If you’re curious about the die cuts I used, I got a new machine for Christmas that I am gaga over.  It’s the Silhouette SD, and ZOMG.  So, basically, it’s like a printer that you hook up to your computer, except it cuts everything out, instead of printing it.  So you could type something in your favorite font, and it will cut it out for you.  I am like, TOTALLY SERIOUS.  There’s a whole library of shapes for you to choose from, and you can buy more (at about $0.99 a pop) in their online store (download immediately, which I love), or you can even design your own shapes.  It’s the coolest thing ever.  It’s also major bucks at almost $300.  You can find it for closer to $200 in some places, though, I think.


Each card took about twenty minutes to write, with all the lines and the erasing and the pen dipping and such.  Then, I had to embellish.  So all in all, each card probably took a good forty-five minutes.

45 minutes for one card




Not too expensive, depending on certain choices.  If you already have your calligraphy supplies, you’ll just need cards and different colored ink.  And whatever embellishments you choose.

  • 25 pack of 5½” x 4″ blank cards, $4.99
  • ink pot, $2.50 each

Total cost = $7.50 for one card

You could go on to make 24 more cards for that price, though.


Yes.  It’s a nice addition to a homemade card, if you like to make cards.  It does take a while to do, but if you are making your own cards anyway, it’s probably not that much additional time.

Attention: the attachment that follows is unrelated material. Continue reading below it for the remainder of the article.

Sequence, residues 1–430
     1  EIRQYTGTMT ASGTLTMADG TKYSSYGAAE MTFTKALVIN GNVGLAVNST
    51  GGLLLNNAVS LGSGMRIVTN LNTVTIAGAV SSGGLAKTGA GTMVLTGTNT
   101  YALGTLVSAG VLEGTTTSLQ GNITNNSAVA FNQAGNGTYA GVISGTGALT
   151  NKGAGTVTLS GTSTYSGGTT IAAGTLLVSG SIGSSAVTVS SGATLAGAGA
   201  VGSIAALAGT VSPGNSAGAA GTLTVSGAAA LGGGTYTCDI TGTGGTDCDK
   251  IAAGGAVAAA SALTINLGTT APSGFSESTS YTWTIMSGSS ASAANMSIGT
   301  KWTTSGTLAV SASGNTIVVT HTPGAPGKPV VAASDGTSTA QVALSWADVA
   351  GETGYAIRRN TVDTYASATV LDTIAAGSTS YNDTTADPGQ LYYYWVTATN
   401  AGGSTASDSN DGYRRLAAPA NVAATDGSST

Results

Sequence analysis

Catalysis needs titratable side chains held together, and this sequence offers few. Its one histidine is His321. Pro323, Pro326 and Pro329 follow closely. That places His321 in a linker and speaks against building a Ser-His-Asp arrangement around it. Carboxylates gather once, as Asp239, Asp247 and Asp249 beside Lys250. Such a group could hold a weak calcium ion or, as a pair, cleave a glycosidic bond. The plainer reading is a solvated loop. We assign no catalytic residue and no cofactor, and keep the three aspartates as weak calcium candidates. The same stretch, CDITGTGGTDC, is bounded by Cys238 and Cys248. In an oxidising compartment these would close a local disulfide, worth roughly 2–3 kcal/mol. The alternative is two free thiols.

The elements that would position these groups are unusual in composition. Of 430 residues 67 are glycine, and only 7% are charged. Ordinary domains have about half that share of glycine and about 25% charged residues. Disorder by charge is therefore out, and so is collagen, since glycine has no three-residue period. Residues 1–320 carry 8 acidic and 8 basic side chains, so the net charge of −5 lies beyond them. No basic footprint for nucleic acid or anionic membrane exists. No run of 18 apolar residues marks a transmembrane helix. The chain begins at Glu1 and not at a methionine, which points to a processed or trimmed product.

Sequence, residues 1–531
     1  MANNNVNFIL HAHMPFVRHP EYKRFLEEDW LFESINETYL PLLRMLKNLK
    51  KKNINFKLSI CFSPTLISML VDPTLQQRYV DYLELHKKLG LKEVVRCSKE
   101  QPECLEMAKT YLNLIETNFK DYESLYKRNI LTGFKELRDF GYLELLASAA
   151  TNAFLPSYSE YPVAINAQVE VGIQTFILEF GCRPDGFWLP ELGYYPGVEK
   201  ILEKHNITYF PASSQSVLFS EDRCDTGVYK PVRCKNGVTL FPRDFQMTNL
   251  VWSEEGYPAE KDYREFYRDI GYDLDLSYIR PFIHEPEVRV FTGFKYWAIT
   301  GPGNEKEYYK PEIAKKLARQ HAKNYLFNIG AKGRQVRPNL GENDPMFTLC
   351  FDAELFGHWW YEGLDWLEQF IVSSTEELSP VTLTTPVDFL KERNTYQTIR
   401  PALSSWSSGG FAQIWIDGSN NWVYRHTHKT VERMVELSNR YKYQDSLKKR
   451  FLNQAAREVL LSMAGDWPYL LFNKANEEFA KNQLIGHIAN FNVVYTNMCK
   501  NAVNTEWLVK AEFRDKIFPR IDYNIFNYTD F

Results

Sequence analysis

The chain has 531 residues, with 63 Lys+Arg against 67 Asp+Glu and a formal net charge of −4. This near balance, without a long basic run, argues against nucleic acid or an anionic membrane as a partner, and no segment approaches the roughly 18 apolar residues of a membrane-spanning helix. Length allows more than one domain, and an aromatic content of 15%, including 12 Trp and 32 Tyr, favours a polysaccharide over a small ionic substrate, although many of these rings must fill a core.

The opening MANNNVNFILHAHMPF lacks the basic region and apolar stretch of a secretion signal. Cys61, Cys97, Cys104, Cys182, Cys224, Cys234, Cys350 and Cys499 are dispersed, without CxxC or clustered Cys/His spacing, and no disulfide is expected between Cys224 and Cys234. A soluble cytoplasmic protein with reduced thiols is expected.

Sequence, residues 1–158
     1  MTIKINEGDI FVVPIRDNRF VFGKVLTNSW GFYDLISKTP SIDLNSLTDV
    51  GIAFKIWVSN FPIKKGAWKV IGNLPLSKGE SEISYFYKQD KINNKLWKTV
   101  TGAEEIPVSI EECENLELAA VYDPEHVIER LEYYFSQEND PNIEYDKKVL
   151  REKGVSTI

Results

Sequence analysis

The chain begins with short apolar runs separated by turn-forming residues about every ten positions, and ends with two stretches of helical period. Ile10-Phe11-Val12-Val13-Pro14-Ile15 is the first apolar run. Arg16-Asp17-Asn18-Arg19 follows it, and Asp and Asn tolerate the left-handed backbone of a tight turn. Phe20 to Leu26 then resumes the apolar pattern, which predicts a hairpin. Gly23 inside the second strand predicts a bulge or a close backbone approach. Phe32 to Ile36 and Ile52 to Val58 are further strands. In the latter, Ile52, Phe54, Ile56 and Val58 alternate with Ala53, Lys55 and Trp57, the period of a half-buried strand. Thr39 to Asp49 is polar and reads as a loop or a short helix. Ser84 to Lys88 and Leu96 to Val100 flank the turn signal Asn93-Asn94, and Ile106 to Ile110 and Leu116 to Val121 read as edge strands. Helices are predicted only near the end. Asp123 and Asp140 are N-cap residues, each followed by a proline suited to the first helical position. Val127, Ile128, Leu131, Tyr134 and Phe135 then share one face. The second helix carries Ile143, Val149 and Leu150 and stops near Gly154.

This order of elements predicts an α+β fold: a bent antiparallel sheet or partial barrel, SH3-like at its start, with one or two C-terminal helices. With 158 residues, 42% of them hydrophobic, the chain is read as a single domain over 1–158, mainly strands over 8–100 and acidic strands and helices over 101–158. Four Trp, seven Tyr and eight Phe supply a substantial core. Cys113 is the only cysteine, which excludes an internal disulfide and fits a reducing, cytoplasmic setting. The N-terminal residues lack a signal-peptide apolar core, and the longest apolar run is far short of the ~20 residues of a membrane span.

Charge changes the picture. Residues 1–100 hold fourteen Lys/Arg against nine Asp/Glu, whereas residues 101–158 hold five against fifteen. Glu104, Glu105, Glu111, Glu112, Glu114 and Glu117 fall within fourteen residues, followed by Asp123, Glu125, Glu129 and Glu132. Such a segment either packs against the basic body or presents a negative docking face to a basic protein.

Leave a Comment

  • January 7, 2011, 10:52 am Holly

    I love the silver ink! Very festive and classy. I got a Sillhouette for Christmas from my husband and in-laws. But I have to say, I’ve been a bit disappointed. After using it for like two days, it seemed to not be cutting through regular scrapbooking paper very well, at least for intricate designs. The company is supposed to be sending me a new blade and mats though, so we’ll see if that was the problem.

  • January 7, 2011, 11:39 am bethpc

    You know, it’s funny, I saw a bunch of people on websites saying something similar… many of them were saying that their mats weren’t sticking anymore. And I did have that problem when I tried to use a scrap of paper. I set it on 3 speed and 30 thickness and used the biggest blade– pink I think– even though the specifications for the cardstock I was using were only for the yellow blade (65lb cardstock). I also saw some people saying that they cut twice; run it through and then without moving the paper, just run it again. I haven’t tried that yet, but I haven’t really needed to. But I was kind of bummed that it wasn’t sticking well with the scrap. I saw someone else who said to use a little glue or sticky tape to make it stick well, but I even tried that and it didn’t work. Kept slipping. So I’ve been using the full piece of paper since. I haven’t used it a ton yet, though, so I’m sure I’ll have to deal with that issue in the near future.

  • January 8, 2011, 1:44 am Amy in Australia

    Those are adorable! I think “happy day” is sweet. :) Definitely a worthy project!